By PAUL SIMS
Economic growth is one outcome officials hope will arise from a planning process set to take place in Starkville early next year.
A charrette – or planning workshop – will take place over the course of March 28-April 1, officials with Main Street Starkville formally announced Thursday.
The Appalachian Regional Commission will provide a $25,000 grant to help fund the process.
Starkville Main Street officials are “extremely grateful” for the grant, which makes the charrette a reality for the community, said Jennifer Gregory, Starkville Main Street manager and Greater Starkville Development Partnership vice president of tourism development.
“I’ve had the opportunity to see some of the charrette presentations from other communities and they are truly amazing,” she said. “Not only does the charrette team provide a very visual presentation on recommendations and plans for future growth,” they will “provide tangible resources that will help us achieve these recommendations in the short and long-term future.”
Michelle Jones, president of Starkville Main Street, said matching funds will come from dues the local Main Street group supplies to Mississippi Main Street Association, some in-kind service from MMSA staff and other help.
National, state and local experts will help those involved look at the community “maybe in a way we haven’t before,” Jones said. “What we’re hoping is that we can come together with a comprehensive vision for where we want our community to be.”
The Main Street board “really sees our downtown as that core of our community that makes Starkville special,” she said.
The design charrette team will hold community meetings to obtain input and meet with individual groups and “people who ... have an interest in how our community looks and grows,” Jones said.
Specifically, Starkville will walk through the community master plan charrette.
Mike Armour, director of the state ARC office, told the audience gathered in the GSDP Welcome Center he went to Mississippi State University in the 1970s.
“I’ve seen the town develop. You’ve made strides and this just will be ... icing on the cake,” Armour said. “I encourage anybody who cares about the city ... get involved.”
Gregory said: “We really hope the community will extensively participate in the charrette process by attending the input meetings and providing feedback to the charrette team.”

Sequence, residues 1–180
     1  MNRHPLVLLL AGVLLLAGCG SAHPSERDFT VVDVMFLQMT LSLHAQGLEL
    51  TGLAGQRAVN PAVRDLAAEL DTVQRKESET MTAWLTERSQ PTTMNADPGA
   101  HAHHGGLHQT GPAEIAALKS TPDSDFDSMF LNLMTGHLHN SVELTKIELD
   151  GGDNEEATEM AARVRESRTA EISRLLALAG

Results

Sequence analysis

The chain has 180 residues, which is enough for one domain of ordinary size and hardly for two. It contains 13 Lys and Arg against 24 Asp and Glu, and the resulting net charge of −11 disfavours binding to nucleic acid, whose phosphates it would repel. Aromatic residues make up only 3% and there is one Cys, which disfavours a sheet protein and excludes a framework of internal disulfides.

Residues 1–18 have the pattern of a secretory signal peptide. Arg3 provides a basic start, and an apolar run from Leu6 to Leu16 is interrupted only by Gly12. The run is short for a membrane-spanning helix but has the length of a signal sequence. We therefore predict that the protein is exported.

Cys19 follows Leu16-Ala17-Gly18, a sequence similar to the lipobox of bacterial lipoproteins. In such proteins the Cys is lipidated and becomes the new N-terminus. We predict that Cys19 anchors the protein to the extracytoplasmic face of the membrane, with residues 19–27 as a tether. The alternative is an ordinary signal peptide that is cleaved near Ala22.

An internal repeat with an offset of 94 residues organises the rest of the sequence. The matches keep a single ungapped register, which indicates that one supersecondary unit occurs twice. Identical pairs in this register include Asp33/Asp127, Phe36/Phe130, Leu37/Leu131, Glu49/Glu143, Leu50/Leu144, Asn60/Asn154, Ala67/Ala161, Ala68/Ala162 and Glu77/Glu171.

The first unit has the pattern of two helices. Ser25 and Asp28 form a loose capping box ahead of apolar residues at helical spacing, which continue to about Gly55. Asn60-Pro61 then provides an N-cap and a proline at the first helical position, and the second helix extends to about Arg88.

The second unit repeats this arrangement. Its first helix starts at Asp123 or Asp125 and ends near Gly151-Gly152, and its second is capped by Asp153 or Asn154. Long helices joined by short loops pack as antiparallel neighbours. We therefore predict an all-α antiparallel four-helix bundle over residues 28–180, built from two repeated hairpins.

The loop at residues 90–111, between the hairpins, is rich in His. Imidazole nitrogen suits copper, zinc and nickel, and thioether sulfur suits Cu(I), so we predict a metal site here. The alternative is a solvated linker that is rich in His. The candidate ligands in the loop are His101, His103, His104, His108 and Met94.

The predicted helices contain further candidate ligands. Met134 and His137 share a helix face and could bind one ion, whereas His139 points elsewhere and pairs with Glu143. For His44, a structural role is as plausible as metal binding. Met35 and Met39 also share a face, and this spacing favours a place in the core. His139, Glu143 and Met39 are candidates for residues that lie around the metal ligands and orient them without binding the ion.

In a statement on the charrette, MMSA Executive Director Bob Wilson said: “The results of the charrette program have been pretty phenomenal. ... They have created new businesses, jobs, private and public reinvestment as well as landscaping and street-scaping development, not to mention a newfound pride and enthusiasm in the community.”
The effort’s ultimate goal will be to provide Starkville with a continuing, flexible plan used to guide its ongoing revitalization and spark additional economic growth, officials said in the statement.
Gregory explained how the planning process could help Starkville reap economic benefits.
“Some of the elements of the charrette will include marketing and branding, historic preservation, beautification and actual ordinance and code recommendations that will help build on all the work that has been done” Starkville’s in downtown which has put the area where it is today, she said.
“... It is our hope these measures and recommendations will also increase tourism spending and overall economic impact in the area which will inevitably lead to a better business environment, an increase in jobs and overall business revitalization in the downtown district,” Gregory said.
About six to eight weeks after the charrette, the design team will provide community officials with a resource manual which includes funding opportunities, businesses to contract with on specific projects and work plans which help the community achieve its goals, she said. “The community will play an important role in this effort and will be a huge part of the Starkville Main Street program moving forward,” Wilson said in the statement.